the dungeon has good "jaquaying the dungeon" design. lots of ways to get in, move around, and plan for non-linear movement
I agree to that, being one of the strengths of the design.
the size feels good for a "mega" dungeon. but for 5e players not used to PF2 adventures. dungeon's and levels feel "samey" because Paizo wants to sell physical battlemaps, so dungeon levels need to fit inside the physical dimensions of battlemaps :)
The scale of the rooms, hallways, and distance between them is so tiny it's ludicrous. You can run the entire dungeon in "Encounter mode." Fights are usually a single Stride action apart. There is almost no point in going into Exploration mode.
The size of the default Paizo map design should be doubled for PF2. You can't fit a party and a suitable number of enemies in a single room. You don't have enemies outside of range of the caster, so they never have to move, and if your caster is always in the hallway behind the fighter who is blocking the only 5 ft entrance into the room, there's never a danger posed to the back rank. There is no room for any creative movement, tactics like using reach or ranged weapons.
Maybe they should put in a series of 5x5 monster closets - they could fit in more encounters that way.
Each level has a feel to it and a theme - mostly clearly communicated - there are libraries, and personal studies, and fighting pits, etc. levels all describe at the beginning the "feel" of each level. playing up to those will help greatly give the dungeon life.
You don't know until you open the door, though. Like, if you know that flesh-eating ghouls are on the other side of the door, describe some blood smear on the door, a stray finger on the ground, the smell of blood in the air, the crunching of bone heard on the other side. Without connecting the room encounters to the doors and hallways, it gives the feel of having distinct "monster hotels" and few links between the encounter areas. This is stuff that can (and should) be added by the GM, but having some clues in there for the GM to describe to the players would be helpful.
monster placement mostly make sense. this isn't "old school" where you have room a with orcs and room b with a dragon, and the dragon never uses orcs as a food supply :). there has been thought given to ecology and explaining why certain monsters are in certain areas - especially those that stand apart from the level's meta theme. nothing felt overly contrived.
The contrived part of it is that each monster dwells in its "monster hotel." The encounters and occupants do not connect at all. They are all trapped in stasis waiting for the characters to arrive. It's not a living environment. They do not interact to what the characters do. Even if the party leaves and returns, do they restock the dungeon? Are they on alarm? Do they retreat to another area? Do they make any preparations? Is there a time-limit where if the party returns to town after every fight that things might get worse? The answer is "no" to all of these questions.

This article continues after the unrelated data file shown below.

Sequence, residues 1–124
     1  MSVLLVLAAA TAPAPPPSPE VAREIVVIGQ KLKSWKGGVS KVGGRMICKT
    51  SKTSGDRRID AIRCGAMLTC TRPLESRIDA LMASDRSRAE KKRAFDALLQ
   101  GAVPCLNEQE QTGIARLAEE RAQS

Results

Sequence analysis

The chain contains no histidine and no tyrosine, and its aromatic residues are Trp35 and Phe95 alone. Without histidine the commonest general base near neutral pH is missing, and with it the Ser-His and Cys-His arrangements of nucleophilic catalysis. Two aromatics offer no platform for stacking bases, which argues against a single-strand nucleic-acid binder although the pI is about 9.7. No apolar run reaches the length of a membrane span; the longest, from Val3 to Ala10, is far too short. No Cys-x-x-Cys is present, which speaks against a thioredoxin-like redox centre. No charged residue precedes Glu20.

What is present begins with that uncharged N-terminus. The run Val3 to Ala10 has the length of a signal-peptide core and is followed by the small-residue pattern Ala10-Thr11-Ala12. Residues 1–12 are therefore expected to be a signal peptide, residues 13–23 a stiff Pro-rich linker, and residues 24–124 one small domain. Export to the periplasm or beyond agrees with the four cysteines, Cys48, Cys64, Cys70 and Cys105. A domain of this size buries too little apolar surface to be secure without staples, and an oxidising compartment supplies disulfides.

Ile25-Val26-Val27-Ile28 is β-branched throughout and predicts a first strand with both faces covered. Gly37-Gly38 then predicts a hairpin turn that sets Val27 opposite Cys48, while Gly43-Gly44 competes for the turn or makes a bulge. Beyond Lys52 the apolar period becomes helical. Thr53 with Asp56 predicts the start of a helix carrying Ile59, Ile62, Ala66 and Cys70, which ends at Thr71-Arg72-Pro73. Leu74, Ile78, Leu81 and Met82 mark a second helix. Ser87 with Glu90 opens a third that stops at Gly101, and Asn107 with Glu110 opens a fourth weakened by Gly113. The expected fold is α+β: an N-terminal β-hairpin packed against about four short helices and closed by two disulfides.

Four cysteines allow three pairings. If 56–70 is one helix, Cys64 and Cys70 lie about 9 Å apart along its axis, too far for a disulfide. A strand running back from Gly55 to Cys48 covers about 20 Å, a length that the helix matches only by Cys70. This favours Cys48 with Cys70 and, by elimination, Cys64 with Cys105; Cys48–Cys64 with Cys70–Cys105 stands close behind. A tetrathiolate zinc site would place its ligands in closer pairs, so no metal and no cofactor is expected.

this really is a get in, kick the door down, slay the beasts, take the loot adventure. its unabashed about it. the game starts with you at the door and its up to the GM to weave any more story into the game that they see fit. if you or your players do not like get in, kick the door down, slay the beasts, take the loot adventures - this will not work for you. like, at all.
For that style of play, I have HeroQuest. Beer and pretzels sessions have their place, but it's odd to see this one held up as the crown jewel of PF2. The idea is fun, but do you want to do this for 10 levels? Maybe 6 months to a year of play?
I think that had Abomination Vaults been presented as a "big dungeon adventure" and not as a self-contained Adventure Path campaign, maybe I wouldn't hold it to such scrutiny. As a big dungeon that you can go in, kill stuff, get treasure, etc., it's not bad. As the focal point of an entire campaign it is samey, tedious, and unrewarding.
 

I don't think Pathfinder 2 works all that well with large-scale sandboxes meant for a large span of levels, because of the way numbers scale with level. A single monster 3 levels above a party will wipe the floor with them unless they get lucky or prepare just right for the encounter. The first AP makes PCs fight a level 7 monster when they're at 4th level, and the first time we did so we got absolutely slaughtered and had to run for our lives. A level 4 martial will have an attack bonus of about +11 against the monster's AC of 25, an AC of about 22 against it's attack bonus of +17 (meaning it crits on a 15+), and a caster's save DC is about 20 against its saves between +12 and +17.